“The concept of “backcasting” is central to a strategic approach for sustainable development. It is a way of planning in which a successful outcome is imagined in the future, followed by the question: “what do we need to do today to reach that successful outcome?”

The 3H methodology enables us to look out into the future across different horizons.

It allows us to gauge the challenges, adding aspects we are beginning to gain a sense of, transitioning from one position to another. It requires us to reflect and possibly make the change, then we can move forward to meet the new challenges within this emerging vision of the possible futures.

I have focused for many years, teaching, advising and building the-critical-value-propositions-of-the-three-horizon-methodology (3H- pdf download). Envisaging what we know and have today, we can begin to “plot” a pathway, here a Sustainability pathway, into the future in clear steps moving and supporting the existing and traversing to the seen future. For me, the value of the 3H has been one of my primary areas of focus for my innovation and change work for many years. It has a contributing value to any sustainability thinking. An example of explaining this might be worth the click: “Navigating of the three horizons framework- an emerging guide.”

The Three Horizon Framework for Managing.

The 3H can help tackle complex problems and draw out the future intent on sustainability; in its planning, resource allocations and skill gap identification to build capabilities and capacities to be ‘future-ready. We need to map the sustainability pathway across the three horizons. There will be constant disruption along the way.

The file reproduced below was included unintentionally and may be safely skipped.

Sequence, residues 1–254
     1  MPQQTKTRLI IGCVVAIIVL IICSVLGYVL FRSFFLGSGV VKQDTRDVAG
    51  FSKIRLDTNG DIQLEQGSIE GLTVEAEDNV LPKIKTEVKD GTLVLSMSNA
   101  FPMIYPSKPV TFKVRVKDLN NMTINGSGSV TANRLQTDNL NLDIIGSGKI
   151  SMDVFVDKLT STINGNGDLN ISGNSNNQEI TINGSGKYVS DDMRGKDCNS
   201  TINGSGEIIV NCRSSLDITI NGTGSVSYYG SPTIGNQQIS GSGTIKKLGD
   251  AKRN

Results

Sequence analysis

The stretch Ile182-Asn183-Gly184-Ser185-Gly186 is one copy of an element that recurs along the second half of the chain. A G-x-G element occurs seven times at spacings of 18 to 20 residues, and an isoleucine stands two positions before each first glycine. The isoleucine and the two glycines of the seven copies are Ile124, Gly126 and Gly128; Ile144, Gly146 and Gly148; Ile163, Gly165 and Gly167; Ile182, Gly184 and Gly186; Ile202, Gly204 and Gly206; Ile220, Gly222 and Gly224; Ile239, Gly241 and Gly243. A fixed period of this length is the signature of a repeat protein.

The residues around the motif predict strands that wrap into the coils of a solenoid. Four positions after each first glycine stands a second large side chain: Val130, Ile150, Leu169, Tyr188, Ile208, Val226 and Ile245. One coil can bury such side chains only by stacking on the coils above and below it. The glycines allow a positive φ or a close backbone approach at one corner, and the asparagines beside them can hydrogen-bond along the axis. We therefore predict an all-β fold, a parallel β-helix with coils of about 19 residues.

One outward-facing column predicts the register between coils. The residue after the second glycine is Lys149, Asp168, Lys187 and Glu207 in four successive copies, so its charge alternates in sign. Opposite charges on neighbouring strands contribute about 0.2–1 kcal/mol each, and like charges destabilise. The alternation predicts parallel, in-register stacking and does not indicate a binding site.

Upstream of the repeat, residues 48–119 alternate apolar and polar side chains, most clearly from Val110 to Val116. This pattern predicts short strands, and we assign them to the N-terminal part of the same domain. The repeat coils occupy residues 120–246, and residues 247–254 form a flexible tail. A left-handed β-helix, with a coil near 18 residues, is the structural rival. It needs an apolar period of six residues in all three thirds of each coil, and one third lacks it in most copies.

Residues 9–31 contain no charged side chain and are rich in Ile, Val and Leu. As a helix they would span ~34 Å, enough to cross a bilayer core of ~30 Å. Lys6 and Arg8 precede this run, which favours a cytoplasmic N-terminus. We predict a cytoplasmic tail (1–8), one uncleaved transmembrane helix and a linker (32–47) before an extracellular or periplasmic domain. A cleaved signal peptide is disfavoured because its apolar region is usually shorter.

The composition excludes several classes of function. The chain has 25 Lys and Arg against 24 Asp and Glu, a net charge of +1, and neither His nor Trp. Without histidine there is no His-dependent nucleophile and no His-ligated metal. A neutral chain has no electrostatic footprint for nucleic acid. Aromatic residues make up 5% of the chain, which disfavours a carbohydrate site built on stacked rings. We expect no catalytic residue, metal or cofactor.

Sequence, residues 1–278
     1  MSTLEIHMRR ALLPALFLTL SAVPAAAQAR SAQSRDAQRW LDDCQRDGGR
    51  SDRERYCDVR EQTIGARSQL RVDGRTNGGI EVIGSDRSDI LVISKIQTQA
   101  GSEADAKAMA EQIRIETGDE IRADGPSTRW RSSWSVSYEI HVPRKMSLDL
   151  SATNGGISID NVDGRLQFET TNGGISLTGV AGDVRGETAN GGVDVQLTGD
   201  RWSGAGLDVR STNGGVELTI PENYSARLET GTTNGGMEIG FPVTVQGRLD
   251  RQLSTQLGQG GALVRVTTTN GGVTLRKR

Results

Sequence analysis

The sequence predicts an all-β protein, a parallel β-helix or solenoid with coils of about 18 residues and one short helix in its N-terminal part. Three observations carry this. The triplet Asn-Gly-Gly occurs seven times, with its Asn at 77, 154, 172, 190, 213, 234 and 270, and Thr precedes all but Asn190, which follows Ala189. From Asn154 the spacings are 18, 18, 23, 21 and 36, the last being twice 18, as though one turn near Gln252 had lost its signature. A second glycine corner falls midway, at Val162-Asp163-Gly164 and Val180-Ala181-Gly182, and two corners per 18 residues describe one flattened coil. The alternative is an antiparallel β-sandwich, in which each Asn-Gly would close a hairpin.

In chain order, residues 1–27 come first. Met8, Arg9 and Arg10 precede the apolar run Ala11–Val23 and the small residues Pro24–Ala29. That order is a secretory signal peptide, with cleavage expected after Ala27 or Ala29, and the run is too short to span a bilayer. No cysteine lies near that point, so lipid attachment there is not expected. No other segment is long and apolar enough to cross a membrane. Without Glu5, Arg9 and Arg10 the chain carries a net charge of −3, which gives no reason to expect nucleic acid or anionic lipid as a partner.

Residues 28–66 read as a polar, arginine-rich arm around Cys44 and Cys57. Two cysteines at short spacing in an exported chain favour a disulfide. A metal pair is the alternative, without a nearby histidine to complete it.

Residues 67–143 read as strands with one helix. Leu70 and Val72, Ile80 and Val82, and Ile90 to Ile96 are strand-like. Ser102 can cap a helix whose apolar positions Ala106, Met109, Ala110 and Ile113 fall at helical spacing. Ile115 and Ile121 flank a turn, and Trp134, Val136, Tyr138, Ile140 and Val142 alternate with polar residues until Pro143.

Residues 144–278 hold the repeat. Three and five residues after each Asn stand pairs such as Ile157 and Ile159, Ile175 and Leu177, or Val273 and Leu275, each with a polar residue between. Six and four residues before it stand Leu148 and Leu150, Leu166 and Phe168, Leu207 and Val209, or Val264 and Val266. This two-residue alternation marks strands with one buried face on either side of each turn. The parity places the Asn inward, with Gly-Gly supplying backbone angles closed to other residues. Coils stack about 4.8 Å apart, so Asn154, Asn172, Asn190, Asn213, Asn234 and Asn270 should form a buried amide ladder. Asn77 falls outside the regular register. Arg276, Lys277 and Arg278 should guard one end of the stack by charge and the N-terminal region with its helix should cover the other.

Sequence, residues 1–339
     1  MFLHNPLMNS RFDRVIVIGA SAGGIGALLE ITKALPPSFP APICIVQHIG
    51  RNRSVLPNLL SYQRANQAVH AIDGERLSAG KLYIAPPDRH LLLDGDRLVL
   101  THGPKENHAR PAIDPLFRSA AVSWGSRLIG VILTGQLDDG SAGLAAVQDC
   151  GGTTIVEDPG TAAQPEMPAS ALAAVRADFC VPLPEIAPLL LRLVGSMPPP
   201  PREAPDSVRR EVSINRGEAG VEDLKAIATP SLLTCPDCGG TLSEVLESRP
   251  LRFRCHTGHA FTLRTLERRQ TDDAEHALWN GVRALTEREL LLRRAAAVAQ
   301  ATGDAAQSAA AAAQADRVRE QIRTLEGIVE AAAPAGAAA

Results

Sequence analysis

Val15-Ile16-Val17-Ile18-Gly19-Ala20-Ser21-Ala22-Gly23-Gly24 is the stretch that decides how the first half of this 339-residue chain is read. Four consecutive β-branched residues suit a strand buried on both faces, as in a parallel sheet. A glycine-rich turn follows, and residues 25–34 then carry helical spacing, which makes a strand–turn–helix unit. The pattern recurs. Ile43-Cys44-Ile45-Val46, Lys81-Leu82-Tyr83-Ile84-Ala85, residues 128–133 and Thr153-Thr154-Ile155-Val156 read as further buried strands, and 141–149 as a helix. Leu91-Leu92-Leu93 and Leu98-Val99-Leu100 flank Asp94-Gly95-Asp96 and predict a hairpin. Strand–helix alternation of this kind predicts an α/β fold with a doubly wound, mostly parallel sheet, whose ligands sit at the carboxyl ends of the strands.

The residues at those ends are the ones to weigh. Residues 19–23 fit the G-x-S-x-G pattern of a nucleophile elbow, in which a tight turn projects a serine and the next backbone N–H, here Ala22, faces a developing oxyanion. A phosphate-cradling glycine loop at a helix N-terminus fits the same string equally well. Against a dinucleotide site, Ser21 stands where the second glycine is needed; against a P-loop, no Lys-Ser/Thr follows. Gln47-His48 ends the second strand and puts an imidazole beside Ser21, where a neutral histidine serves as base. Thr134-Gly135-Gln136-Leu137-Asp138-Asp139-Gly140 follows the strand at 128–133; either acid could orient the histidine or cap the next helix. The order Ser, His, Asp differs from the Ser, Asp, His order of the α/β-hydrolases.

Agility Innovation

The three voices that are to be hopefully found in the same board room when you undertake this

The different voices involved can be highly engaged; you have the voice of today, more concerned with managing the existing, maximizing returns and keeping the organization going efficiently and effectively. Then you have the second voice, the voice of the entrepreneur, the one eager to experiment, try out new things, explore and extend, accepting some aspects will not work. The third voice,  of the aspirant, who is looking to build a different vision, believing in different, more pioneering ways and visualizes things in their ‘mind’s eye’, far more aspirational, that can seem on first ‘take’ look to be totally incompatible to the reality of today.

A critical assessment of the present business and how it will “project” into the future is needed.

To embrace sustainability requires a no-holds-barred assessment of the present business and what is required in resources, shifts in strategic design and stakeholder dialogue. The journey does need a robust level of quantifying the disruption, for not just better-informed decisions based on fact-based or at least best assumptions.

The value of applying BOTH framing techniques to determining a sustainability pathway is to begin to make the connection’s, shifting individual thinking into team actions and decisions. Building multiple scenarios helps bring strategy, vision and innovation into greater alignment of thinking through diverging and then converging and then selecting the determined pathway from these alternatives.

Sustainability will drive the future of business. The evolution of innovation will come from increasing alignment. Any journey like this needs to commit to moving forward, learning, pivoting where needed, recognizing what and why that has been seen and understood and now needs changing, and re-affirming the moving forward again in approaches that continue to build future scenario’s built on evolving understandings.

 

One thought on “Thinking sustainability needs a mix of future scenarios.

  1. Pingback: Sustainability is the new growth core | Ecosystems 4 innovating